Father Stanley Francis Rother served in Guatemala at the mission in Santiago Atitlan starting in 1968. As the Guatemalan civil war raged between military and guerilla forces, the Catholic Church became a target. Determined to stay with the people, Father Stan remained in Guatemala and was murdered in July 1981.
In December 2016, Pope Francis recognized the martyrdom of Father Stan, whose beatification (the final step before sainthood) took place Sept. 23 in Oklahoma City. Father Stan was a priest of the Archdiocese of Oklahoma City, and is the first recognized Catholic martyr born in the United States.
Father Stan’s love for God and people has long served as inspiration for our work at Unbound. Former staff member and writer Barclay Martin recently traveled to Guatemala and listened to the stories of many who knew Father Stan, and he shared his reflection on that journey.
From the moment we arrived in Santiago Atitlan, we could feel the anticipation for the coming beatification of the town’s adopted son, Father Stan Rother. Though the beloved priest, who was fondly known as Padre A’Plas, has been gone for more than 36 years, on this day I was privileged to travel with Unbound staff to meet members of our community who knew him toward the end of his life.
Jeronimo met us in front of his home, just blocks away from the chapel where Father Stan served. I was struck by his gentle presence, salt-and-pepper hair, and the wrinkles that formed in the corners of his eyes as he smiled and welcomed us inside. He introduced us to his wife, Mercedes, and their three children, two of whom are sponsored through Unbound. We gathered in the tight quarters of their family home, and Jeronimo began to speak about the events that changed his life when he was just 18 years old.
On July 28, 1981, just before dawn, there was already commotion outside the church in Santiago Atitlan, Jeronimo recalled. Conflict in the region had intensified in recent months, and Father Stan had received threats to his life. Fearing the worst, Jeronimo made his way with two other young catechists through the crowd into the church. From there, they entered the small chapel to discover Father Stan in a pool of blood, with a bullet through his head and a knife wound in his back.
Though the three young men had arrived too late to seek medical help, they accompanied Father Stan’s body throughout the preparation for burial. Jeronimo said Father Stan’s body was stiff, and he and the others who tried to honor his memory by dressing him in appropriate funeral attire were unable to do so. They prayed, and as they did, Father Stan’s body eased, and they were able to dress him. Jeronimo looked up at Father Stan’s face and asked the other catechists if they’d seen the same thing. They had.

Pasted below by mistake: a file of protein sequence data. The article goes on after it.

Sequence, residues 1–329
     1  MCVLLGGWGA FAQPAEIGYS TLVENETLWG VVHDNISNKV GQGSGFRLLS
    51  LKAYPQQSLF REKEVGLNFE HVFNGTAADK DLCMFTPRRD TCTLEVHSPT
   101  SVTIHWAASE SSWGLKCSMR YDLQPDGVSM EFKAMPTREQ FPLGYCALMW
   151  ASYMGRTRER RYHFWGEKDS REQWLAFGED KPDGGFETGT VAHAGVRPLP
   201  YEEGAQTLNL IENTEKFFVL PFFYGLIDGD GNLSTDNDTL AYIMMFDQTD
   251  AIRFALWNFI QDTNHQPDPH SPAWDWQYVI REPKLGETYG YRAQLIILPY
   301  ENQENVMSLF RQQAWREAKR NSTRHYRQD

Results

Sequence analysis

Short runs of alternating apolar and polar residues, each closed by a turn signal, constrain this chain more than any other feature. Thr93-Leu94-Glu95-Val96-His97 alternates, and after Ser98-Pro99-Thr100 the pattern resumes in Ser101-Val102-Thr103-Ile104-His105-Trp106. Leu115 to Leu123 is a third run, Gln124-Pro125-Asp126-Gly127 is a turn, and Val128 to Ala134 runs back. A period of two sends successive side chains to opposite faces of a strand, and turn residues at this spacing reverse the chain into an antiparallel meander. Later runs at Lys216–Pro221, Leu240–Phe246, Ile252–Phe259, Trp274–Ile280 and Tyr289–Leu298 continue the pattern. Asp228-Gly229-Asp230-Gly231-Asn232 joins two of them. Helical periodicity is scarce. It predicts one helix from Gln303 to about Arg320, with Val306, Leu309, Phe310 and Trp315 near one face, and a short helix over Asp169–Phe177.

Dressed in funeral attire, Father Stan had a gentle smile on his face. Jeronimo considered it the priest’s parting gift.
From the home of Jeronimo, I walked with the Unbound team down a labyrinth of alleys and side streets to meet Diego, who credits Father Stan with teaching him to honor the gift of education. Diego was 10 years old when he served as a catechist in Father Stan’s parish, and there he began learning to read and write.
Diego remembers Father Stan teaching him new techniques of weaving textiles, which he continues to use today as a means of supporting his family. Diego’s daughter Rosario is sponsored through Unbound, and as we sat together in their family home, Diego reflected on the gift of valuing education that Father Stan instilled in him at an early age.
When asked what it meant to him to pass down the gift of education to Rosario, he held his face in his hands and wept.
Everywhere we went residents of Santiago Atitlan pointed out the legacy of their beloved Padre A’Plas. He drew out the creativity of an entire community, learned their language, and engaged their talents to bring a future of greater dignity and opportunity. At a time when violence and fear touched nearly every corner of Guatemala, Father Stan chose to return to his people, to accompany them, at the cost of his own life.
The type of enduring love for the community that Father Stan had continues to animate the work we do at Unbound. At a critical time, he provided us with an example of the truest meaning of a humble servant. (His passing came just months before Unbound was officially founded in November 1981.) It is in this spirit that we honor his memory and the blessing of his example as our work continues onward.
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